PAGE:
John has been putting this freshly painted TR3 back together. I snapped the picture while he was enjoying a pensive moment, probably wondering what it would be like to stand up straight again. It’s what we might call it a “rolling refinish” because we didn’t take the car completely to pieces like the BN7 Healey he’s contemplating here.
We’ve converted this Triumph to overdrive, which is a MUCH more elegant way to go than the five speed conversions that the big players in the aftermarket are pushing so hard right now. Once a car’s been restored about all that’s left to sell is the bling, but then that’s what those color pages in the front of the catalogue are all about.
Last week I said we’d have something to say about our Austin Healey projects. This enlargable photo is a good illustration of where we start with a completely dismantled car; installing the front & rear suspension. Because they have the better facility for it, Elisha at East Coast Collision & Restoration bead blasted this axle for us.
Shortly after this picture was taken, Warner humped the axle downstairs and stripped it for reconditioning in our driveline shop, which is where, if you flip back to last week’s commentary, you might have seen the sparks flying as Patrick re-sized a Jaguar IRS thrust washer on the surface grinder.
Although the Healey rear axle is pretty robust, the pinion flange in the BJ8 differential ran loose for a long time, and as a result we had to change out both the pinion and carrier bearings. You know we’ll be looking very closely at the BN7 diff.
Warner can be seen here working to Sports Car Services standards of workmanship and detail. Because they were kept well greased, these stub axle assemblies still had a useful service life ahead of them, as did the brake rotors, which we media blasted and painted before they were resurfaced.
By the way, did you know that we can supply stub axle sets on an exchange basis for big Healeys, disc braked Sprites & Midgets, MGB’s and also MGC’s ? This is because we have the correct Churchill tools to accurately ream king pin bushings to size for these cars. Inquire..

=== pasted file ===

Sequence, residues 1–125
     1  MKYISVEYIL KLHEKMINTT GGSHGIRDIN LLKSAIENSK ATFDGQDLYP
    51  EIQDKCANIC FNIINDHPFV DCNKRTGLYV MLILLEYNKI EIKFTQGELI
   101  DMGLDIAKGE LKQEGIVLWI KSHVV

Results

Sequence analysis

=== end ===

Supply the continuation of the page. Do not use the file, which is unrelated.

Don’t be fooled by the wheels, this is a no-holds barred restoration built on a Jule frame. The uprated engine is fully balanced and features a stage 2 Dennis Welch aluminum cylinder head breathing thru a DMD intake manifold and a DWR extractor exhaust, as modified* for the application by Butch Howe.
Previous remarks not withstanding, this car is also running a Toyota five speed transmission, just like the one we exorcised from the BN7 in favor of the original side shift TX. We have our opinions, but when it’s your car you ought to be able to have it your way.
Of course the service access to the slave cylinder was a little squirrely, there wasn’t any. Butch put aside the temptation to simply use a cold chisel and instead cut a very nice access hole which uses an MGB bulkhead plug to seal it, very much like a Midget or a Sprite. As near as we could figure it, the only other way to bleed the slave cylinder was to do it before stuffing the transmission in the car.
It’s just another typical aftermarket parts engineering challenge, of which we seem to encounter many.
Late Wednesday afternoon Patrick managed to get a road test done on the red E-type. With the benefit of new valve guides, there’s no blue cloud trailing behind at longish stop lights anymore. Patrick asked me to see if the engine felt like it was hunting at small throttle openings, but when I managed a quick (the operative word) ten miles behind the wheel, I forgot to drive slow.
I actually saw 70 click up on the speedometer, but it wasn’t until after I got back that I realized that on the new 3.31 final drive ratio (was 3.54) it was probably a pale imitation of the actual road speed, which is also, I suppose, a favorable commentary on our suspension work as well.